Claire-Louise Bennett: Pond: Stories

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Claire-Louise Bennett Pond: Stories
  • Название:
    Pond: Stories
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    Stinging Fly Press
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    Современная проза / на английском языке
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Pond: Stories: краткое содержание, описание и аннотация

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How much should you let in and how much should you give away? Feverish and forthright, Pond is an absorbing chronicle of a solitudinous life told by an unnamed woman living on the cusp of a coastal town. The physical world depicted in these stories is unsettling yet intimately familiar and soon takes on a life of its own. Captivated by the stellar charms of seclusion but restless with desire, the woman’s relationship with her surroundings becomes boundless and increasingly bewildering. Claire-Louise Bennett’s startlingly original first collection is by turns darkly funny and deeply moving.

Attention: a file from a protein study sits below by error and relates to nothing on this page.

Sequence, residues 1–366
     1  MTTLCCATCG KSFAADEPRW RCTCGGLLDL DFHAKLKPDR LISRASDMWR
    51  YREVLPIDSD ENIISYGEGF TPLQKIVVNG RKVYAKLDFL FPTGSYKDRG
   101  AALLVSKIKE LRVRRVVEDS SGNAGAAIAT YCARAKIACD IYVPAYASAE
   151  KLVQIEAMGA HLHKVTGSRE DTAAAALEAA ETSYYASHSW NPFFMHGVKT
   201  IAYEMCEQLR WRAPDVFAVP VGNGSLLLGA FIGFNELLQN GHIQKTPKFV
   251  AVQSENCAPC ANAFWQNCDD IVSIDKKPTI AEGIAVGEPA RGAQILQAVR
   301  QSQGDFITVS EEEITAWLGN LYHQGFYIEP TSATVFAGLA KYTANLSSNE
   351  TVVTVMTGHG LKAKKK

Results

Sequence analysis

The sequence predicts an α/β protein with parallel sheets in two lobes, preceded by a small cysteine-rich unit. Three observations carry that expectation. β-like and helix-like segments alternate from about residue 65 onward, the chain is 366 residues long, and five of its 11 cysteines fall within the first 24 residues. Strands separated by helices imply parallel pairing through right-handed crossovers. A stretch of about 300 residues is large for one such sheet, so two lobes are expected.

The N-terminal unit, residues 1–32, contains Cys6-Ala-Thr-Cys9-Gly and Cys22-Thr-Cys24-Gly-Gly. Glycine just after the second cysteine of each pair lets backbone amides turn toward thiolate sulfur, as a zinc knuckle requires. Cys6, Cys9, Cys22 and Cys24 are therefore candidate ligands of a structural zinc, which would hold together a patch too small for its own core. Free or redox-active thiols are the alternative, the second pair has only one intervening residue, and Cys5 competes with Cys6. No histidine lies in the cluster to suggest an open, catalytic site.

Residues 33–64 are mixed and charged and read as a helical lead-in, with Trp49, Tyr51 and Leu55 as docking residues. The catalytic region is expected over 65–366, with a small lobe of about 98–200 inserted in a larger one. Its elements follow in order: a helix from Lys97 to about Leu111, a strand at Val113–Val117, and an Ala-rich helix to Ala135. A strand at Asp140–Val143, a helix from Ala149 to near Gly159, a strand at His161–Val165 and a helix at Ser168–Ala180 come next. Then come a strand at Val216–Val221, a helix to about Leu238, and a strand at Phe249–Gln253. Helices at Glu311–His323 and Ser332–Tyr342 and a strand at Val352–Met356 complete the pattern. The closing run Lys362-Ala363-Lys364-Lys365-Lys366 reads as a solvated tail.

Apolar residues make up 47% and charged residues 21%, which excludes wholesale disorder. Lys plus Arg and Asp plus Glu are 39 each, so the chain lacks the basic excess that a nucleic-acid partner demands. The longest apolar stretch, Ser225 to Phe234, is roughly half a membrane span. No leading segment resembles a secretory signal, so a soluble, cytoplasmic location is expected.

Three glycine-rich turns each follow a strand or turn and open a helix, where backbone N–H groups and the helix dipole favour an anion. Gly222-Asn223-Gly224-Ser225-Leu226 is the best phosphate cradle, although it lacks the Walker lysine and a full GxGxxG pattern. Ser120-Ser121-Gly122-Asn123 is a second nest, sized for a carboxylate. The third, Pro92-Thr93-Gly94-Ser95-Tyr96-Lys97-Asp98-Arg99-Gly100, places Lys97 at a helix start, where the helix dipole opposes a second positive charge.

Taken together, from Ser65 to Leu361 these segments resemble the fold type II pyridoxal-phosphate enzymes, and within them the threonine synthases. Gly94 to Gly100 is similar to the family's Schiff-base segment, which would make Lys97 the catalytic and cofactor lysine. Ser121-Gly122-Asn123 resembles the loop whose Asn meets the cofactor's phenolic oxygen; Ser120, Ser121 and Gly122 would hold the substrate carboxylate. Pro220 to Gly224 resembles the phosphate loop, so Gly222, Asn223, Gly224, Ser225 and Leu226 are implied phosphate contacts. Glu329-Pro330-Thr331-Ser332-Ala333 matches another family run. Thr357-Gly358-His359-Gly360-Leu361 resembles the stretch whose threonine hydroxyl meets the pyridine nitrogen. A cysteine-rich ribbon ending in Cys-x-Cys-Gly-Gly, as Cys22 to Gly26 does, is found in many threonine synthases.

Claire-Louise Bennett: другие книги автора

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I may as well mention that I was staying with a girl I’d met in London the previous year. She was a very gifted academic and her ability to formulate a rousing opinion in response to something that had just happened or had just been said never ceased to impress and baffle me. How anyone could sally forth thoughts that were unfailingly well-formed and de rigeur, so soon and in any situation, was quite beyond me. She lived in a terrace house with several other postgraduate students, one of whom was a bloke as a matter of fact, and later, when my friend had gone to bed, he came into the sitting room where I sat with a large book flopped in my lap and put a hot water bottle underneath my toes. We didn’t kiss then; we kissed later, a few weeks later. I flew home first and then we wrote to each other and then we really needed to see each other. So I went back, and then we kissed.